I just like things that are functional first, and then fashionable second. Gotta keep my priorities straight, you know? Design has these cycles. I love seeing where design goes. You know, that little bit of magic that makes you go, that is NEW…wow! But that is for someone else. I know what I like and little by little, I like to think I’m simplifying things out there. Getting them back to the basics. Simple principles.



Above – DDC for Sasquatch Music Festival

In 2004 you went out on your own with DDC, and looking at your successes now in 2013 it seems the gamble probably paid off. But tell us about the challenges you faced early on. How many times were you tempted to throw in the solo game and go back to the safety net of an agency gig?

Was never tempted once. I got a good taste of how things went in agency realms. And hell, it’s not like it was “bad.” It was just…oddly pressurized. Tight air. Maybe a little too tight for this guy. You had to wear pants, too. And on a bigger note, people just didn’t seem like they were into being there on the clock. Pretending. I don’t pretend at my job. Hell, I can’t get down to that shop fast enough after I arise from my life-giving slumber.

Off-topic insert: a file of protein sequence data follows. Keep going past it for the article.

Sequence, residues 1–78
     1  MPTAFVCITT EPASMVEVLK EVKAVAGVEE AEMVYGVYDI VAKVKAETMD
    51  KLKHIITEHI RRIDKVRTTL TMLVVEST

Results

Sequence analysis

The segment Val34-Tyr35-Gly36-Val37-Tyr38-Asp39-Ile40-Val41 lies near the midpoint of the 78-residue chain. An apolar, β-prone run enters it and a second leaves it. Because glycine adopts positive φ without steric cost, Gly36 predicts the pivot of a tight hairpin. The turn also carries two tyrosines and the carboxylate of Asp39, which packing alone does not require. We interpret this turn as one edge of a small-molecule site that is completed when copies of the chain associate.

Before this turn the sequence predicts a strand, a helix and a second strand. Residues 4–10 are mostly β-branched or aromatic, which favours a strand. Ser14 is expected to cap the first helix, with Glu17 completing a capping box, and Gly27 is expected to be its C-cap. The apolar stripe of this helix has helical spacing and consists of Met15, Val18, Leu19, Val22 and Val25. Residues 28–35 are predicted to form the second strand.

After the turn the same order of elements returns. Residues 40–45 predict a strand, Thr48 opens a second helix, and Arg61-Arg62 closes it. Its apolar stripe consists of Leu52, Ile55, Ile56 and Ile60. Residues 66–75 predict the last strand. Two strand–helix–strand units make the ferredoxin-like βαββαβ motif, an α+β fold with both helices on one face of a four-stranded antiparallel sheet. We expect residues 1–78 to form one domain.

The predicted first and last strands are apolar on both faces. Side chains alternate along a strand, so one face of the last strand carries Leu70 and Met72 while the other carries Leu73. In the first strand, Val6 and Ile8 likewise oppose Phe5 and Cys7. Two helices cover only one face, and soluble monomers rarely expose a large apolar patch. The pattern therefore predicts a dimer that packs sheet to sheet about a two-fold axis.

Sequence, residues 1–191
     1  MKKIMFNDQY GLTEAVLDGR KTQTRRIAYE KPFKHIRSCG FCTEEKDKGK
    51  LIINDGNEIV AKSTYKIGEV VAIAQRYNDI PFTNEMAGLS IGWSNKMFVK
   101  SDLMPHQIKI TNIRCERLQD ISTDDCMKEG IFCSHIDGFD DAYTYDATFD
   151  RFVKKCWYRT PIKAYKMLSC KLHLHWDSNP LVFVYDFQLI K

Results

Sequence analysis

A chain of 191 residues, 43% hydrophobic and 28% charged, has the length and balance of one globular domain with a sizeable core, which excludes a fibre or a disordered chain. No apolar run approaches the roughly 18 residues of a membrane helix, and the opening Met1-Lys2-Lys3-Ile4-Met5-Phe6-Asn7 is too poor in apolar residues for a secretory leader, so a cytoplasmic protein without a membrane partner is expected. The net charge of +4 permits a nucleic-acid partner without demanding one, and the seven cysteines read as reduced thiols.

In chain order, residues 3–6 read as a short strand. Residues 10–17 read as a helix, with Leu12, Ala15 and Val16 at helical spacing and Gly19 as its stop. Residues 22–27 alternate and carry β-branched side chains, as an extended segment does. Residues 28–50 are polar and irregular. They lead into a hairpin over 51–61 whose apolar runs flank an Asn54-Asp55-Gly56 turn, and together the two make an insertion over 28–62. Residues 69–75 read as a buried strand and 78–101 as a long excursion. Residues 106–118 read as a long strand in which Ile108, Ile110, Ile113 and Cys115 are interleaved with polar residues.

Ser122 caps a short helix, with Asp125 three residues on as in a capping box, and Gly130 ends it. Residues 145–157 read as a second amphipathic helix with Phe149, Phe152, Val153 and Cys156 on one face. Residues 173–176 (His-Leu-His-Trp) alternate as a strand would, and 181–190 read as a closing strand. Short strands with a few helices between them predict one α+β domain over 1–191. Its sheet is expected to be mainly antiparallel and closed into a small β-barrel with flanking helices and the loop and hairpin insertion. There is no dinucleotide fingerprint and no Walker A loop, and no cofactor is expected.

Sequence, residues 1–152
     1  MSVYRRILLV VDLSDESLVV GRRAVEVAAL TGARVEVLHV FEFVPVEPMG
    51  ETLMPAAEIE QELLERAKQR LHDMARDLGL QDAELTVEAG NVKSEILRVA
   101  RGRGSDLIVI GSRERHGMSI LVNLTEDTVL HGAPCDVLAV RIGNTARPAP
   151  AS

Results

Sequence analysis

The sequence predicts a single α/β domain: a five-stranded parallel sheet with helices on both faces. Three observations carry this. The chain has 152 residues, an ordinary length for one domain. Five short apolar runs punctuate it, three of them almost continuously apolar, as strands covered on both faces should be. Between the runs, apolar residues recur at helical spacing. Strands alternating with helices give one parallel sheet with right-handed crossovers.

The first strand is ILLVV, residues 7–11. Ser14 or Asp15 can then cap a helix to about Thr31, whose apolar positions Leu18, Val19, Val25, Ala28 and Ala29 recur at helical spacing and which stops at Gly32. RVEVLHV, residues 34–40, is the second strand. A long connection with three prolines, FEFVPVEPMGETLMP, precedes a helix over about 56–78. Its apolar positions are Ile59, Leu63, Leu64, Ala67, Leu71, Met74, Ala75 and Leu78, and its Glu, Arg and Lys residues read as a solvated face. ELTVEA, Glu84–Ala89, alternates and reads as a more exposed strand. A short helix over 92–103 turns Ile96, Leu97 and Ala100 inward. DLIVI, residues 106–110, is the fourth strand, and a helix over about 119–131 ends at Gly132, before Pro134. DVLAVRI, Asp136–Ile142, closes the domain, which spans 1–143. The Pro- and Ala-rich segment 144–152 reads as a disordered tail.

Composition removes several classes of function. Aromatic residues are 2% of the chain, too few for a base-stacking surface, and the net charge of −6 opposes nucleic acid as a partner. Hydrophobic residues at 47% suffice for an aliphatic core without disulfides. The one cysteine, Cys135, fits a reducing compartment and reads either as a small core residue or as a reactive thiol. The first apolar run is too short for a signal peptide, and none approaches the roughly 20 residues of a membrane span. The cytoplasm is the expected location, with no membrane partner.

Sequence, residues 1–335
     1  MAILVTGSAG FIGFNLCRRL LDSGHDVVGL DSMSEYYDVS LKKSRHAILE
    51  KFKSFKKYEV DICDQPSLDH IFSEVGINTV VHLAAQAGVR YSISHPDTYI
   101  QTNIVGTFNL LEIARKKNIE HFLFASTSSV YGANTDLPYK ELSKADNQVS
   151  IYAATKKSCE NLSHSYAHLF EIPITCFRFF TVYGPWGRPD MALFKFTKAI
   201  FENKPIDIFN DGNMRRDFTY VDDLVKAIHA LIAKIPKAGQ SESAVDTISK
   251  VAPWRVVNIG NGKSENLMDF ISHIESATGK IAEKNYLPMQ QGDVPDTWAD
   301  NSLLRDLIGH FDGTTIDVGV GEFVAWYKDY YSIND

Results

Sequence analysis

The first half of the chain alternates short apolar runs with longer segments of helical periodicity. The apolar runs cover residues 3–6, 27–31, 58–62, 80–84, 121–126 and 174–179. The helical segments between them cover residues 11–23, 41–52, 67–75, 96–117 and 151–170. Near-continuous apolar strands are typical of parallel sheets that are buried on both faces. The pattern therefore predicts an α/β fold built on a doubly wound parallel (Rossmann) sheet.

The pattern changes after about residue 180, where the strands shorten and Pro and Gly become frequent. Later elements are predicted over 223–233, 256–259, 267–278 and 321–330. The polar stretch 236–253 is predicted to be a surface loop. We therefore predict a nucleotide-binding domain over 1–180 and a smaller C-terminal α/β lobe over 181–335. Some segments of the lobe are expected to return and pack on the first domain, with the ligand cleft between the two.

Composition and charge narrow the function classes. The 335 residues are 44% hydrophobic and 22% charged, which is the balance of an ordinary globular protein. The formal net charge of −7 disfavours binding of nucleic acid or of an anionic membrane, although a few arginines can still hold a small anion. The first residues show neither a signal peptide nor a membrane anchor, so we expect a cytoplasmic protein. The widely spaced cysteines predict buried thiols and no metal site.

I’ll never go back. The loots better in the solo game, and, this fucker can breathe and soar with the eagles.


Your “Pretty Much Everything Poster” (below) is chock-a-block. What’s your method for staying so prolific? And how big do you reckon that that poster be if you were still working for an agency or snowboard magazine?


Above – Pretty much, well, everything outta DDC.
(Current as of 5/27/09. Be sure to check out the new one).

Prolific? Well, hell, thanks. I don’t feel prolific. I just liking making stuff. And I like amplitude. And hell, when I had a straight job, I still made a lot of shit. Same with making magazines. This momentum hasn’t really let up.